Ice Skating

Most of our friends ice skate.  They take lessons in the mornings at the Bryant Park rink, and for a while we’ve been asked and encouraged by those same friends to join in.  But as is the case with most things, both Maya and Ben work on their own schedules.  No amount of exhortation or tales of the great fun had by all will influence them.  They’ll do it when they are ready, and on their own terms.

Today we met our friend Anna, who is only in town for a few days before heading back to the hills (she lives near Boulder, Colorado now) and went to Wollman Rink in Central Park to skate.   Since both kids love her and seeing her is a rare treat, they are up for almost anything where she is concerned.   Anna suggested ice skating, and Maya told me she was ready to know how to ice skate.  She’s been on the ice a few times with me, and once at a friends’ birthday party, but never really felt confident.  Ben has been on skates maybe 3 times.   I love to skate, but it isn’t as much fun when you’ve got 40 extra pounds hanging on for dear life to one arm or the other.    So I approached the trip with a small amount of trepidation.

Today, though, the planets aligned, the pieces fell into place and all was right with the world and the ice.   The weather was a balmy 50 degrees and the ice was rough enough to make it easier for the kids to balance.   Maya eschewed the wall immediately, refused a hand and proceeded to make her way, on her own, around and around the rink for an hour.  I think she fell once.    Ben stayed at the wall, but by the end could navigate small stretches of ice unassisted and was smiling at the achievement.     I got to skate on my own most of the time, checking in with the kids now and then, as did Anna – and feeling it in my legs after 60 minutes!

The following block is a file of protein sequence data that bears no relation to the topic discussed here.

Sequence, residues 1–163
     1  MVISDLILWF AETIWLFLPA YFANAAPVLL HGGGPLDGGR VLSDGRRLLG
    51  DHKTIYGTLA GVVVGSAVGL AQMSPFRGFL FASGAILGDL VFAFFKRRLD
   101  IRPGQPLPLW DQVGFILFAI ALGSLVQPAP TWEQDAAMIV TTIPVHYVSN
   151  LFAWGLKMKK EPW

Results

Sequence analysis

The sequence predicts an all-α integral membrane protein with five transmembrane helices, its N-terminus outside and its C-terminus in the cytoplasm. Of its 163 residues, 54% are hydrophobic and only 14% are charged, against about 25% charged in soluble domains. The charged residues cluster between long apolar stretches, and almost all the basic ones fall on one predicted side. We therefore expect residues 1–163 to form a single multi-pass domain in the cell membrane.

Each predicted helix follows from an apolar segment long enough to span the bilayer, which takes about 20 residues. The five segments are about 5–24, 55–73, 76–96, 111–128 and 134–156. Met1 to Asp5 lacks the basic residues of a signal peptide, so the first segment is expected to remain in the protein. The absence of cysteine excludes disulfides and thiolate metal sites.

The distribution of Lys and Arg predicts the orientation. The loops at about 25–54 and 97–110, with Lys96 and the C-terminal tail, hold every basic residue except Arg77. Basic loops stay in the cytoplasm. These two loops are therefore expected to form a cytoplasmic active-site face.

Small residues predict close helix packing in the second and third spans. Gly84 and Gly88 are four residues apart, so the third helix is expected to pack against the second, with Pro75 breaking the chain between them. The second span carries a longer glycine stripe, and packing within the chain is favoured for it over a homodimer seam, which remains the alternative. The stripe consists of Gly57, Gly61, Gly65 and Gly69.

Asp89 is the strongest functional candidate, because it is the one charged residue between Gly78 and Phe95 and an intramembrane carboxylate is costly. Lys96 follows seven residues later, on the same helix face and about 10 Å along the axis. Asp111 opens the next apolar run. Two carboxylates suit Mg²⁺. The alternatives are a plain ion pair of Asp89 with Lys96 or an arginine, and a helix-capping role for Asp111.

After we were done, Maya said, “See, I don’t need a class to learn how to skate.  I just needed to be ready.  Can we go again next week?”    Ben nodded his head in agreement.   So we will.   No pressure.  More fun.    Works for me.

About Amy

Amy Milstein was born and raised on a farm in Indiana, but after 20+ years considers herself a full-fledged New Yorker. She is married with two kids, who do not go to school but are instead life learners. This means they learn by living in the world (real life ) instead of hearing about it and simulating it in a classroom. With her family, Amy loves to travel, read, watch movies, write, sew, knit - the list is endless.
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